Posts tagged with "Taxation"

360 MAGAZINE gaming illustration by Ivory Rowen.

Bitcoin And Online Casinos

Is Bitcoin a viable payment method for online casinos?

There are many payment methods that can be used at online casinos. Bitcoin is being accepted by a growing number of online gambling sites. Bitcoin never seems to be out of the papers these days, so is it a viable payment method for use at an online casino?

The mere fact that online casinos are accepting Bitcoin as a payment method speaks volumes. It is not going to be helpful to anyone if a payment method employed by them is going to cause big problems.

These online casinos will have put a great deal of thought into whether to allow the use of Bitcoin or not. It’s not an overnight decision. A great deal of thought has been put into their decision, and the fact they allow Bitcoin’s use should be seen as a huge vote of confidence in the cryptocurrency.

One site that supports this cryptocurrency is Bitcoin Games online casino. It’s important to do some research before joining any site. Taking a good look at a Bitcoin Games review is helpful. This review gives you plenty of information about the site.

Safety is so important when it comes to online payments. There is still a fair amount of financial fraud that takes place, and of which no one wants to become a victim. Bitcoin can help in this area because of the way it operates as a currency.

Unlike with a credit or debit card, there is no central bank in play with Bitcoin. It is the person who makes the financial transaction that owns the Bitcoin being used. The amount of personal information being made available to possible fraudsters is always a worry with banks, but that’s not the case if you are using Bitcoin. The fraudsters will be upset when realizing they can’t get their hands on your currency. The customer and the online casino itself will be impressed with this situation.

Another worry is that your bank account might be frozen. If you are using a debit or credit card for your financial transactions, it will cause you major problems. However, Bitcoin avoids these issues due to that lack of a central bank.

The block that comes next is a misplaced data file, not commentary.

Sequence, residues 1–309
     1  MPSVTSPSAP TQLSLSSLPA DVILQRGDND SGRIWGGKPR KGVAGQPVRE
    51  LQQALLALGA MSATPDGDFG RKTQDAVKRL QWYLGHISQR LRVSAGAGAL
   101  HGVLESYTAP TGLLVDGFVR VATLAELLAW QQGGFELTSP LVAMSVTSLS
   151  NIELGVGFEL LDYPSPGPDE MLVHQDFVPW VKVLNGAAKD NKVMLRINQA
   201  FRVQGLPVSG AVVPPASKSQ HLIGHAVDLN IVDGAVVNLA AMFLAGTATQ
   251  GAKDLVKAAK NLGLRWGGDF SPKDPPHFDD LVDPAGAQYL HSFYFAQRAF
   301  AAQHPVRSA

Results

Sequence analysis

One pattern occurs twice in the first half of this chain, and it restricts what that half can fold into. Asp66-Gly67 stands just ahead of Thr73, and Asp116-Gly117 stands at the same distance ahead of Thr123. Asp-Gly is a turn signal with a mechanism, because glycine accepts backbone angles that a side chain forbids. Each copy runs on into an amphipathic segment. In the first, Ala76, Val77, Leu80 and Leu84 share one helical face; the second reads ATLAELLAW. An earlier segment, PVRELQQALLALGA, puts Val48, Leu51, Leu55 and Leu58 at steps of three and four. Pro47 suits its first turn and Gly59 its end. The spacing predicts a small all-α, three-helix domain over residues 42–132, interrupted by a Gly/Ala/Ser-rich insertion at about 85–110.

It’s not just a central bank that is absent. Furthermore, there’s no government to deal with this currency, though the Chinese government are doing their best to warn people off its use. Online sites will be happy that there’s no government to deal with, another reason they like using Bitcoin. There’s no taxation either and transactions cannot be reversed.

There are some disadvantages with Bitcoin, but that can be said of any payment method. How many times do you hear people moaning about their bank or PayPal? The main problem with Bitcoin is how its value can be volatile. That’s common with any relatively new currency and will hopefully settle down in the future. However, that’s more of a worry for those investing with Bitcoin. Just using Bitcoin to gamble online is a much better and safer way of using it.

Marijuana illustration by Heather Skovlund for 360 Magazine

Honest Marijuana Company

In the old days of illegal weed, the price you paid for your weekend toke depended mostly on who was selling it to you. These were behind-the-scenes transactions, with no recourse for a deal gone bad and no way to price compare with a competitor. You paid the price asked or you went without.

Now, as state legalization grows and the chatter about federal legalization becomes less talk and more reality, the game has changed forever for the buyer. So, it’s a good time to be clear on what you’re paying for before you go to your local cannabis boutique, or even the corner store, if you should be so lucky to have marijuana available for sale there!